How is it that some people seem to know exactly what they want to do, and have always known it? But for you, while there are quite a few things that you find interesting, none have really captured you enough to become your life’s ambition. You may be in a job now, a job that’s, well, OK, but honestly you think there must be something else out there that would give you that buzz of excitement.
Break it down
Whether you find the Career Question overwhelming, or you genuinely want to answer it but can’t think how to, I’d suggest there are ways you can think about it in smaller steps.
If you’re still studying, how can you decide on a career, or if you’re already working, how to think about the next step in your current career? Consider these three approaches and see which you’d prefer:
1) The Lucky Dip
Open a career directory at random and select the first job you come to – any good? Car manufacturer? Coal miner? Tax accountant? Deep-sea fisherman? Arbitrage trader? While these are great jobs for someone, they are probably not exactly what you are after. If you’re thinking, ‘All my friends are applying for or working in …’ then this is about the same as the Lucky Dip.
2) The Blinding Light
Here the idea is that you wait for inspiration to strike you – the thing is that success with this approach is really rare; perhaps the last recorded instance taking place around 2,000 years ago on the road to Damascus, and that required divine intervention.
3) The Map
So, we have a third approach and, as you might guess, it’s the one to use when the Lucky Dip and Blinding Light approaches have not delivered and you don’t want to wait any longer: a Map.
Think about you
Start from the age-old challenge, ‘Know Thyself’ – the ancient Greeks knew a thing or two about this and inscribed it at the Oracle at Delphi. Today, it challenges you to identify what you are good at and what you enjoy doing. These are probably based on your skills and experiences. Looking ahead to changing jobs and going for interviews, you’re going to be asked to give examples of your skills and there’s a reasonably standard set that includes team work, communication, problem solving and so on.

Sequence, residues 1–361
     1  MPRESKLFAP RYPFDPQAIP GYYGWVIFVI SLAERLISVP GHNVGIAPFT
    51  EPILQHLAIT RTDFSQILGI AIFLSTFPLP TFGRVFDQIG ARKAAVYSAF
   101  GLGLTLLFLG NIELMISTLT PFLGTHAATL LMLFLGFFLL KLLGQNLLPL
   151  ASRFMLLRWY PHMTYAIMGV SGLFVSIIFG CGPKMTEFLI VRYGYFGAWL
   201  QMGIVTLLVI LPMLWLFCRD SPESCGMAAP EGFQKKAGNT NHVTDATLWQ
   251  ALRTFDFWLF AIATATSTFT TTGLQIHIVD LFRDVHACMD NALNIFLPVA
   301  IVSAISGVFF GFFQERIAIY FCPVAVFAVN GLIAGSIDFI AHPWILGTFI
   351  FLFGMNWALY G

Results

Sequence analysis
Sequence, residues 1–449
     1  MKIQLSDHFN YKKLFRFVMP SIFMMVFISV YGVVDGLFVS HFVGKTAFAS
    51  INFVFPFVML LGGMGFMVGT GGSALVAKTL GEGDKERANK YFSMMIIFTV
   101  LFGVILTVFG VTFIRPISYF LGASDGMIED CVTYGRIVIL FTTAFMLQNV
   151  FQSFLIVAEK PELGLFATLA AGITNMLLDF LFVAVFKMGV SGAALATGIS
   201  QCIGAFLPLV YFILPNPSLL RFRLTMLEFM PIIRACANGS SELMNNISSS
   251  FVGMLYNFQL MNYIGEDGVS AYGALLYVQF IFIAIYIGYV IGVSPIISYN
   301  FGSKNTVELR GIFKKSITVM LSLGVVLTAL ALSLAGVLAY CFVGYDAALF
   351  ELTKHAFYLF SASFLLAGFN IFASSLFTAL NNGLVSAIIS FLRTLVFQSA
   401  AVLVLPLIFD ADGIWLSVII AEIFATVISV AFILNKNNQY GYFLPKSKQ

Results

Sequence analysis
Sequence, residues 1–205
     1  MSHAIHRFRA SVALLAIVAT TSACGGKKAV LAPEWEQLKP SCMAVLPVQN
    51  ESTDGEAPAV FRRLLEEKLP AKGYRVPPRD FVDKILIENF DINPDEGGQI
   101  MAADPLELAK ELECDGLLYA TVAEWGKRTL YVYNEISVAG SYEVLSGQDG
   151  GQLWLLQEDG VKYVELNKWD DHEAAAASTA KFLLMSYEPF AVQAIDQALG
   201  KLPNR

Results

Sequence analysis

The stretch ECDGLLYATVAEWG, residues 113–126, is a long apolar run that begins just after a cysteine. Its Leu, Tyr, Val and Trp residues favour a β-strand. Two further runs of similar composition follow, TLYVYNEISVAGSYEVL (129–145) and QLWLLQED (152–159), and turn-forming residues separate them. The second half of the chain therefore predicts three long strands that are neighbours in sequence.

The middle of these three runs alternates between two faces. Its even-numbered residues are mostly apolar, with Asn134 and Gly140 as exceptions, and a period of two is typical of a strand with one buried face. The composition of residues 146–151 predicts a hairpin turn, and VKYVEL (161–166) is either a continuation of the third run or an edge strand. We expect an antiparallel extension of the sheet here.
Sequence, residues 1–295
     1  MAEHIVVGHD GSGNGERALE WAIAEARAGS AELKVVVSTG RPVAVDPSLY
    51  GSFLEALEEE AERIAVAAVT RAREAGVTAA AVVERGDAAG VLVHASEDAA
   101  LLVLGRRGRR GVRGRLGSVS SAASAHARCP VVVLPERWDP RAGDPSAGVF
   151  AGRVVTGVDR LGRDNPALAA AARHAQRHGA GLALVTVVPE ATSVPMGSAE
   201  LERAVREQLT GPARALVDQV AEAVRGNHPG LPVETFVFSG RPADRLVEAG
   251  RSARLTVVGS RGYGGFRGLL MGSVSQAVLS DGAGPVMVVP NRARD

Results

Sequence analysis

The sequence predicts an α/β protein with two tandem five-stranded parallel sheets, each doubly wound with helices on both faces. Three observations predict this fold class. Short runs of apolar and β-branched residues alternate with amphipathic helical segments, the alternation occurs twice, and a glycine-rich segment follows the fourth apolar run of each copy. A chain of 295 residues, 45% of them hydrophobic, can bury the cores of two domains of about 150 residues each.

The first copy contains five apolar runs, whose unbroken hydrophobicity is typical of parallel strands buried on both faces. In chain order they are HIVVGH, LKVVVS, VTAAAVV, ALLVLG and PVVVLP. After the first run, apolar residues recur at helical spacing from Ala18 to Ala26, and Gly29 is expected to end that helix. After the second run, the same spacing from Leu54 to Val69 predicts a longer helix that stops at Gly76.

Armed with a list of what you are good at and what you enjoy doing, the next stage is to find the opportunities that will play to these strengths and interests – and, of course, opportunities that someone will pay you to do (otherwise it’s just a hobby). There are many ways to confirm your ideas and find the opportunities, the most powerful of which is through information interviews.
Information interviews are the best way to learn about jobs and organisations without committing, to meeting people and expanding your network without the stress of Networking, and to polishing up your own interview skills in a low-risk situation. It demonstrates to people that you are the sort of person to take control of your career – a very attractive attribute for any potential employee.
Since this process — from thinking about your skills to information interviews to applying for jobs — might take some time, you will benefit from some resilience, creativity and persistence – good skills for a job, as it happens. In fact, sometimes looking for a job is a job itself.
Jonathan Black has been Director of the Careers Service at the University of Oxford for the last nine years. His long list of previous jobs includes: management consultant, professional publisher, co-founder of a start-up company, finance director, aerospace engineer, computer salesman, and strategy director. He is currently the Financial Times Careers Adviser. Where Am I Going and Can I Have a Map?: How to take control of your career plan – and make it happen is out now.